A judge of the Superior Court who heard the case upon the auditor's report, found for the plaintiff in the sums stated by the auditor to be due, with interest; but ruled, in accordance with the defendant's request, that there could be no recovery on the first count. The defendant presented fifteen requests for rulings and excepted to the decision of the court in finding for the plaintiff, to the judge's refusal to rule as requested, and to the rulings made. The judge stated that the auditor found expressly, or by necessary implication, that
the plaintiff had substantially and in good faith performed the contract; and ruled that the changes and omissions and defects in material and workmanship were not of sufficient importance to defeat the plaintiff's right to recover on quantum meruit; that the measure of recovery is the actual benefit received by the defendant from the labor performed and materials furnished, not exceeding the amount of the contract price; that it was within the province of the auditor in determining the amount of such benefit to consider the proportion in value which the work done bears to the whole value of the work if done in strict compliance with the contract; and that the fact that such proportionate value was found by making deductions representing the depreciation in value on account of variations, omissions, and inferiority of work and material, is immaterial. He denied all the defendant's requests for rulings except the first, and except in so far as they were given in substance by rulings made; and he gave the plaintiff's request that on the auditor's report the plaintiff is entitled to recover the whole amount found due him by the auditor.
The contention of the defendant is that the judge was not warranted in finding for the plaintiff on either the second or third count. If the owner unjustifiably breaks a special contract for the erection of a building, under such circumstances that the contractor is justified in abandoning it before completion, the contractor may recover the full value of what he has supplied, whether services or materials. Ford v. Burchard, 130 Mass. 424 . If the contract has been completely performed the contractor may recover the full contract price on a count on the contract. Bowen v. Kimbell, 203 Mass. 364 , 371. If it has been substantially performed with the intention on the part of the contractor completely to perform, he may recover upon a quantum meruit, but not on a count on the contract. Burke v. Coyne, 188 Mass. 401 . Bowen v. Kimbell, supra. In such case if the defects are of a character that could not reasonably have been remedied so as to make the work correspond exactly to the specifications, the measure of damages is the contract price, deducting the amount by which the value of the building as
left by the contractor falls short of what that value would have been if the contract had been exactly performed. Hayward v. Leonard, 7 Pick. 180 , 186. Pelatowski v. Black, 213 Mass. 428 , 430. If the contract is changed by agreement, the rights of the parties are to be determined by the contract in its modified form. The auditor did not find that there was default on the part of the defendant sufficient to justify the plaintiff in not completing the contract according to its terms as modified, or that the failure to perform was due to any such default.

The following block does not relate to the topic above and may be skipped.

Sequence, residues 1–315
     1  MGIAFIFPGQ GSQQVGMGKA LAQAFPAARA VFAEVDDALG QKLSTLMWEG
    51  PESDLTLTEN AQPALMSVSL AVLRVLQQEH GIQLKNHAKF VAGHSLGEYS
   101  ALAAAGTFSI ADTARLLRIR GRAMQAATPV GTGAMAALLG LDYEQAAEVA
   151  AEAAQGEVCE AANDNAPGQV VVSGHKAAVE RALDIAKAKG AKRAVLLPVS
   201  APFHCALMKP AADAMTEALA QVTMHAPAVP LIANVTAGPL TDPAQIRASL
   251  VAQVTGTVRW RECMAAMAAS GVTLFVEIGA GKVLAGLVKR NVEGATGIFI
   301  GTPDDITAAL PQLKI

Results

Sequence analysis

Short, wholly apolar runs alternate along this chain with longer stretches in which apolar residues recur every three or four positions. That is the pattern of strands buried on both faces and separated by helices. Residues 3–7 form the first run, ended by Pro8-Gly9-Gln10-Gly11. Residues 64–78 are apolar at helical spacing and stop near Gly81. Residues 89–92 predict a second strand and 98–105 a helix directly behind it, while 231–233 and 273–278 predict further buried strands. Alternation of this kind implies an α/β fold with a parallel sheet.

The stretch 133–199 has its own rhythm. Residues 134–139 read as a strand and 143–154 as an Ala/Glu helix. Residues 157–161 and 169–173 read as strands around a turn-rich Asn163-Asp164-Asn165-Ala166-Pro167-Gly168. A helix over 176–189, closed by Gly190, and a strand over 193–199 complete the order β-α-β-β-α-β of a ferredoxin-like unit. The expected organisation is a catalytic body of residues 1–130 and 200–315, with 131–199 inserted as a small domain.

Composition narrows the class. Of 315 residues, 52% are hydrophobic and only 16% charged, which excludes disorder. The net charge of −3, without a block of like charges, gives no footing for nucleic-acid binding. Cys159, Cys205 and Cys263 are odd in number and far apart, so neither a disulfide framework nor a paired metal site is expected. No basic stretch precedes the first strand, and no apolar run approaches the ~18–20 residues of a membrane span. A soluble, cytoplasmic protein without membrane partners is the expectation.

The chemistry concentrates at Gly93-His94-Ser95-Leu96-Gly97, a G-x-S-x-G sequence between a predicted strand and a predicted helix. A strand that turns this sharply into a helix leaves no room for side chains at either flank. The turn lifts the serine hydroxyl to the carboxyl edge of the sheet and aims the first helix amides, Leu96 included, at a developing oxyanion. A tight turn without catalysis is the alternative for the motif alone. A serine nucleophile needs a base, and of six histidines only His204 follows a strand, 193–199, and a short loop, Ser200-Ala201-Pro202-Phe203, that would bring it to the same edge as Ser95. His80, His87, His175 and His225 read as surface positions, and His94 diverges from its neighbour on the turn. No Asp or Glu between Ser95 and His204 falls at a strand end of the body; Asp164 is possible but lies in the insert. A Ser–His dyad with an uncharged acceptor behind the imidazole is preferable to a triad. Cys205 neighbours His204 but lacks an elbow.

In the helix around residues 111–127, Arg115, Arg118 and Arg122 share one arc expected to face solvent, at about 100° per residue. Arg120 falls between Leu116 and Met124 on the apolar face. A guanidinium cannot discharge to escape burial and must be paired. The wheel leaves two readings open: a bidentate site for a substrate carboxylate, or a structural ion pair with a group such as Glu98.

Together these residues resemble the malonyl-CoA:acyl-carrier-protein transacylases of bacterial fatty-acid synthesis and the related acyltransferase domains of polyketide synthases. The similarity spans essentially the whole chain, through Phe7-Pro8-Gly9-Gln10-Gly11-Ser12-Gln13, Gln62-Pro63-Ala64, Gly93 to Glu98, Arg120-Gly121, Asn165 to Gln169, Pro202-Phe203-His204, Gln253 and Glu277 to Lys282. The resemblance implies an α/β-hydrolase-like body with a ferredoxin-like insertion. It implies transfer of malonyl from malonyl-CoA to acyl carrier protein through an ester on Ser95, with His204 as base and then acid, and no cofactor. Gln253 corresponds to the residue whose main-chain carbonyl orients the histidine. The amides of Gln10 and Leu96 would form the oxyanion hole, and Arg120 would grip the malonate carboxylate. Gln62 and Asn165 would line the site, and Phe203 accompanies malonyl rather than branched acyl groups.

The burden of proving substantial performance and good faith is on the plaintiff. Bowen v. Kimbell, 203 Mass. 364 , 370. Gillis v. Cobe, 177 Mass. 584 . The trial judge erroneously assumed that the auditor expressly or by necessary implication found that the plaintiff had in good faith substantially performed the contract. No such finding appears in the report. An intentional departure from the contract in a material matter without justification or excuse will prevent recovery. Hennessey v. Preston, 219 Mass. 61 , 63. Handy v. Bliss, 204 Mass. 513 , 518. Bowen v. Kimbell, supra. The absence of any finding that the plaintiff acted in good faith or intended completely to perform his contract, or that he did substantially perform it, is a bar to his recovery on the second count; and the defendant's exceptions to the judge's refusal to rule that the finding should be for the defendant on that count are sustained. In view of this conclusion it is unnecessary to consider the other exceptions relating to that count.
Upon count three, for work and materials not covered by the contract, the plaintiff is entitled to recover what they were fairly worth. Sherman v. Buffinton, 228 Mass. 139 . The considerations which prevent recovery on the second count have no application here. Wheeler v. Tarullo, 237 Mass. 306 . The basis of the recovery is that the plaintiff, at the request of the defendant, furnished labor and materials not required by the written contract. Upon the facts found there is no illegality in connection with the building laws of Brockton which will prevent him from recovering on the third count. The exceptions relating to this count are overruled.